“Batten down the hatches” and “secure the lifeboats” are terms frequently uttered by ship mates whose vessel is under attack, For the world weary Captain Shotover, those were his glory days when he commanded a ship under siege, fighting off angry marauders or holding the wheel steady during a raging typhoon. Now at the advanced age of 88, he is confined to his house, called Heartbreak House, one that resembles his beloved ship and he is desperately trying to invent something to fill the family coffers and also to survive the encroaching World War that the English are fighting. To enter Captain Shotover’s chaotic world, let the Hartford Stage sail in a splendid production of George Bernard Shaw’s “Heartbreak House” for your enjoyment until Sunday, June 11.
Be well advised to enter Heartbreak House with caution for the inhabitants balance precariously on the ship’s deck trying to secure life and love, with varying degrees of success. The young and naive Ellie Dunn, a sweet determined Dani De Waal, has been invited to visit the house by Captain Shotover’s daughter Hesione Hushabye, a socially gifted Charlotte Parry, who enjoys playing games with people’s feelings. She is concerned that Ellie is wasting her life by getting engaged to the pompous Boss Mangan, a boastful Andrew Long, who is years older than Ellie and bears a remarkable resemblance, comb over and all, to our current president.
Hesione gets the reticent Ellie to reveal her true feelings: she has fallen in love with a daring man of adventure Marcus Darling but she will marry Mr. Mangan for his wealth and to help her father Mazzini Dunn, a modest Keith Reddin. In the past, Mr. Mangan had set up her father in business and she feels an obligation to him. Ellie’s eyes are rudely opened, however, when she discovers her beloved Mr. Darling is in fact Hesione’s husband Hector, a conniving and storytelling Stephen Barker Turner.
While Ellie is welcomed into the family unit, the long absent younger Shotover daughter, Lady Adriadne Utterword, a strong voiced Tessa Auberjonois, is thoroughly dismayed that no one seems to care she has been away for twenty-three years and has finally returned. Adriadne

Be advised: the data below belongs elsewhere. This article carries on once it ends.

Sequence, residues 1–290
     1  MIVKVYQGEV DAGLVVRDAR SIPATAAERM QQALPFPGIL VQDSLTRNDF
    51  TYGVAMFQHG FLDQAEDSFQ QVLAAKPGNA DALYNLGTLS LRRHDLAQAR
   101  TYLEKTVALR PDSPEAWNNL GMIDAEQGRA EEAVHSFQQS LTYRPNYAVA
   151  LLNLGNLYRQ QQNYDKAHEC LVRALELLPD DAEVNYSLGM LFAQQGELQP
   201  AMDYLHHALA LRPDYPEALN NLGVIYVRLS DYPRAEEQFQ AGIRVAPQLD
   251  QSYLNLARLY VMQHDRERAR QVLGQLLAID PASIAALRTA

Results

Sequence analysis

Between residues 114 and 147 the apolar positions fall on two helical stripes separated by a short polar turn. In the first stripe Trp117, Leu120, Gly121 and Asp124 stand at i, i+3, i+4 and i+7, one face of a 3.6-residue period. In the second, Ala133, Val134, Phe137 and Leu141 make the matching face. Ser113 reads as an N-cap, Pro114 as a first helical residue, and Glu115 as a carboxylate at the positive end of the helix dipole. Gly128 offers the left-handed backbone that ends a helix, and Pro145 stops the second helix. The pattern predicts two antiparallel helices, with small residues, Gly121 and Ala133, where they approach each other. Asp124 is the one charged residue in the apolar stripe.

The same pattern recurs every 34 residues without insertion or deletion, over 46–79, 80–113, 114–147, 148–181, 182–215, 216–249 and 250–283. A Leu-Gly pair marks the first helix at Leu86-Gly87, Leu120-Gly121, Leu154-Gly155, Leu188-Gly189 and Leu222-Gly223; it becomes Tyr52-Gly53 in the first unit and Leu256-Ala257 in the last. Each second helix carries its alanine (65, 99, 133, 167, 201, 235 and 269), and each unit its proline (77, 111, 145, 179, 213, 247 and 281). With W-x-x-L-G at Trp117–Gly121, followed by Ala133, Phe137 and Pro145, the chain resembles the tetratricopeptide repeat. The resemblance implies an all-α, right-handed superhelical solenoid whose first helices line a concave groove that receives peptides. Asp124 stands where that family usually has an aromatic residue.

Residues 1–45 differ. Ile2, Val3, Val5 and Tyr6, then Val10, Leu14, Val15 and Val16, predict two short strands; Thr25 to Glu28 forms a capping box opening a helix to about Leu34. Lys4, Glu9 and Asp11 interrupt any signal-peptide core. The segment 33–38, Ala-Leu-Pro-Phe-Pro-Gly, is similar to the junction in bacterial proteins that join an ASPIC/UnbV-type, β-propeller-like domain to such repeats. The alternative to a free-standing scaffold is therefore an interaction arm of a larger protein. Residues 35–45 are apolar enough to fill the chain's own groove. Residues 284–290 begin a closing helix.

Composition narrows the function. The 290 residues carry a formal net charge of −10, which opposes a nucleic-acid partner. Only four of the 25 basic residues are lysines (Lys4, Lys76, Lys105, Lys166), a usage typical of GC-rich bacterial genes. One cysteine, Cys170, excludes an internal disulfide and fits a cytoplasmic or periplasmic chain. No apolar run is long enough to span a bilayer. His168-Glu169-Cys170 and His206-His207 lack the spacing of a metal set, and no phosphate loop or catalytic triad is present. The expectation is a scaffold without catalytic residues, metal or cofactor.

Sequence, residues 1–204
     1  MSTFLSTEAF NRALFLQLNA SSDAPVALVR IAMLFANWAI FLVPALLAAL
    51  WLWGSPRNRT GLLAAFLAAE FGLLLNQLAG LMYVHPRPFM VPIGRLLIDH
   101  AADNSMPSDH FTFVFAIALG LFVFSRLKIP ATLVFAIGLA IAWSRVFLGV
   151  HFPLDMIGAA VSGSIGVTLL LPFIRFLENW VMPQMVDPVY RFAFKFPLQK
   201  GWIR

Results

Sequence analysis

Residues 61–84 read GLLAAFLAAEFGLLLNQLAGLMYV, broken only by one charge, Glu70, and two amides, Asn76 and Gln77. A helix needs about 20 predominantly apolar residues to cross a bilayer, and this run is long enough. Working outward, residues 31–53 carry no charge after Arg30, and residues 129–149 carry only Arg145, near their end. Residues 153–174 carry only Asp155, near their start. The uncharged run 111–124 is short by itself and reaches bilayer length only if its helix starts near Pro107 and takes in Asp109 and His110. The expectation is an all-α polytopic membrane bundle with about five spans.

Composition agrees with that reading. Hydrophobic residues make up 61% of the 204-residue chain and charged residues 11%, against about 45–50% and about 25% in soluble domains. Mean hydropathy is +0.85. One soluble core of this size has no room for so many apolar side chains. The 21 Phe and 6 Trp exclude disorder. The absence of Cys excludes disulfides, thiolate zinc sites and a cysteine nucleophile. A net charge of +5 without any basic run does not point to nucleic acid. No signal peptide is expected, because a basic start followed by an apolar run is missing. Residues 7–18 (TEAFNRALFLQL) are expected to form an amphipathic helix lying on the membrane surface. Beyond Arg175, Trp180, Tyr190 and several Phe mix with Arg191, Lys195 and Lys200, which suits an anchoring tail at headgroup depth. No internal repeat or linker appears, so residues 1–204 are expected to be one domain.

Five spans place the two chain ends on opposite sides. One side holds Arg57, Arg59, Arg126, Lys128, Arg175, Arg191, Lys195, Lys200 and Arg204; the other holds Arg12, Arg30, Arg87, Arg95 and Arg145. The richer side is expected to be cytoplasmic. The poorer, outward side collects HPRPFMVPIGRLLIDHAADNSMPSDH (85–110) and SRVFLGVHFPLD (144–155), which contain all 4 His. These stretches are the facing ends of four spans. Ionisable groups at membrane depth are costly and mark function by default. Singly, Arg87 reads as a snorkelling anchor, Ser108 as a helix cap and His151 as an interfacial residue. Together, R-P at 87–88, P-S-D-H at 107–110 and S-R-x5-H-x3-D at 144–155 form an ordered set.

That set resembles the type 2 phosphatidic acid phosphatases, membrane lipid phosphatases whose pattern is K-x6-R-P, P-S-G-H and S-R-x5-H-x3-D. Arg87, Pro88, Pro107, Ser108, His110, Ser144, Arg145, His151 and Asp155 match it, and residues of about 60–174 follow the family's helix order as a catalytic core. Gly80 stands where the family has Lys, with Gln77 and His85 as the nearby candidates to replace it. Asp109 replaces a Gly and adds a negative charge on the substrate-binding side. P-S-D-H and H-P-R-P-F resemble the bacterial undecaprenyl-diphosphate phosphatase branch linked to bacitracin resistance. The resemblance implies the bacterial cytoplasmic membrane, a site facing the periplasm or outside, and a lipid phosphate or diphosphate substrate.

is accompanied by her peevish and childish husband’s brother Randall, a mincing Grant Goodman. She fails to forgive her father, the Captain, captured in all his eccentricity by Miles Anderson, for his lack of welcome. The daughters’ nurse, Guinness, an accommodating Mary VanArsdel, tries to keep the peace as she has done since their childhood.
The country is at war and the house is a ship under attack. When bombs fall, they are the source of fear for some, but exhilaration for others. Many of the inhabitants have their hearts broken in affairs of love while the citizens of England are heartbroken by the war. Shaw comments on the political climate and lays blame in many directions. The ship set designed by Colin McGurk is outstanding as are the costumes created by Ilona Somogyi. In true Shavian style, Darko Tresnjak steers this ship through the clouds of war and agonies of love with style and aplomb..
For tickets ($25 and up), call the Hartford Stage, 50 Church Street, Hartford at 860-527-5151 or online at www.hartfordstage.org. Performances are Tuesday, Wednesday, Thursday and Sunday at 7:30 p.m., Friday and Saturday at 8 p.m. and Saturday and Sunday matinees at 2 p.m.
All aboard the sailing vessel commandeered by George Bernard Shaw and Captain Shotover for an adventurous ride straight to Sussex, England in 1914 for navigation lessons in love, politics and dynamite making.